Pending Home Resales Fell More Than Forecast
By Bob Willis
The number of Americans signing contracts to buy previously owned homes declined more than forecast in February, indicating no sign of a bottom in the U.S. real-estate recession that is entering its third year.
The National Association of Realtors' index of signed purchase agreements decreased 1.9 percent to 84.6, the lowest reading since records began in 2001, the group said today. The drop follows a revised 0.3 percent increase in January.
The continued slump in sales may spur further declines in property values, worsening the slide in mortgage securities that has already caused $232 billion of asset writedowns and credit losses. Traders anticipate the Federal Reserve will have to lower interest rates by at least a quarter point this month to cushion the economy's downturn.
``Looking for a bottom in housing is a little premature,'' Drew Matus, senior economist at Lehman Brothers Holdings Inc. in New York, said in a Bloomberg Television interview. ``Prices are likely to come down and we expect that to continue for some time.''
Economists had forecast the index would fall 1 percent from an unchanged reading previously reported for January, according to the median of 29 estimates in a Bloomberg News survey. Projections ranged from a decline of 1.5 percent to a 1.5 percent gain. Compared with a year earlier, the measure was down 21 percent.
The Fed is due to release minutes of its March 18 policy meeting at 2 p.m. In the first 11 weeks of this year, the central bank cut the benchmark lending rate 2 percentage points, the fastest drop in two decades. Analysts will be eager to see how officials viewed the unraveling of money markets that prompted them to pass new liquidity backstops.
Former Fed Chairman Alan Greenspan said today the drop in U.S. home prices will probably end ``well before'' early next year as the number of houses on the market diminishes, aiding an economic rebound.
The International Monetary Fund today said financial losses stemming from the mortgage crisis may approach $1 trillion, citing a ``collective failure'' to predict the breadth of the crisis.
The Realtors forecast existing-home sales in 2008 would fall to 5.39 million compared with 5.65 million last year. Purchases of new homes will decline to 576,000 from 775,000 in 2007, the group said today.
Pending resales dropped in three of four regions, led by a 9.8 percent decline in the West. Purchases fell 5.5 percent in the South and 3.7 percent in the Midwest. Pending sales increased 3.2 percent in the Northeast.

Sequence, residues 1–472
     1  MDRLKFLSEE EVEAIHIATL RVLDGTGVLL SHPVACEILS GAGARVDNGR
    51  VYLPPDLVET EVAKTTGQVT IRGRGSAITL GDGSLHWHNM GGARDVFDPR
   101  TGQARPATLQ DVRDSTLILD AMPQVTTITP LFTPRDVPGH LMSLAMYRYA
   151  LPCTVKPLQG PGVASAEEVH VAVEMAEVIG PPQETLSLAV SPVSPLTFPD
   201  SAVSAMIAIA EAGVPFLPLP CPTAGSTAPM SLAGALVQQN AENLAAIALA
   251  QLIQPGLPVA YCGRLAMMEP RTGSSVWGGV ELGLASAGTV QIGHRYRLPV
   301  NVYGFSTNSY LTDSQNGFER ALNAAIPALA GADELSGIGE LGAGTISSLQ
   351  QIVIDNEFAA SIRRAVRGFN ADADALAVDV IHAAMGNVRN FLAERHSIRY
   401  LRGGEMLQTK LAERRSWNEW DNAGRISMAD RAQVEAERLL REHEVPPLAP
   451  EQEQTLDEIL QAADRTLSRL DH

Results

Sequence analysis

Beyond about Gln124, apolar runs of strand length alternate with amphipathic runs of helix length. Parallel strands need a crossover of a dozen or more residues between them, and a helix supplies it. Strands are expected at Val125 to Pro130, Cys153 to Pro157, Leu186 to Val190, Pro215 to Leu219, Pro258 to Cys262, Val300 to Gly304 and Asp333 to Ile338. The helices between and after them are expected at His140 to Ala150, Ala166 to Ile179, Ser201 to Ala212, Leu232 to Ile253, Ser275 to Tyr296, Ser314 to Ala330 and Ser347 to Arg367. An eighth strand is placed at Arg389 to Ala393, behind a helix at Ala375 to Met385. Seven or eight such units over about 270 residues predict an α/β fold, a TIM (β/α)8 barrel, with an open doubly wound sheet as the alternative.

The pending figures are considered a leading indicator of resales because they track contract signings. The purchase data, due later this month, reflects closings, which typically occur one or two months later.
Sales of existing homes unexpectedly rose in February from a nine-year low, the Realtors group said March 24. Purchases increased 2.9 percent to an annual rate of 5.03 million. Sales of existing homes are down 31 percent from their September 2005 peak, while inventories are at a 9.6-month supply. The group has said a five- to six-month supply reflects a balanced market.
The housing slump has hurt the economy in various ways. Declines in residential construction have reduced gross domestic product since early 2006 and now falling home prices are curbing consumer spending. The drop in values reduces household wealth and limits the amount of equity owners can tap to boost spending.
Spillover from the housing slump is affecting other parts of the economy, costing jobs and undermining output, wages and sales. Fed Chairman Ben S. Bernanke last week for the first time said the economy may be facing a recession.
The Fed chief, in testimony to Congress, reiterated a pledge to act ``as needed'' to cushion the slowdown. Investors are betting the central bank will lower the benchmark interest rate again later this month, adding to the 3 percentage points of reductions already carried out since September.
Demand for houses continues to languish as defaults on subprime mortgages and rising foreclosures push even more properties onto the market. Banks selling foreclosed homes and builders eager to get rid of inventories are slashing prices.
KB Home, the fifth-largest U.S. homebuilder, reported a first-quarter loss as sales plunged 43 percent.
``Many potential buyers either cannot or will not make a purchase commitment today,'' Chief Executive Officer Jeffrey Mezger said on a conference call with investors on March 28. ``Some are worried about losing their jobs, others believe prices have further to fall. Many are simply unable to qualify for financing, given the more restrictive lending environment.''
Washington Mutual Inc., the largest U.S. savings and loan, said today it will receive $7 billion from a group led by TPG Inc. to bolster its capital amid prospects for more losses tied to subprime mortgages. The company may post a $1.1 billion loss in the first quarter and plans to cut its quarterly dividend to 1 cent from 15 cents, preserving $490 million of capital annually.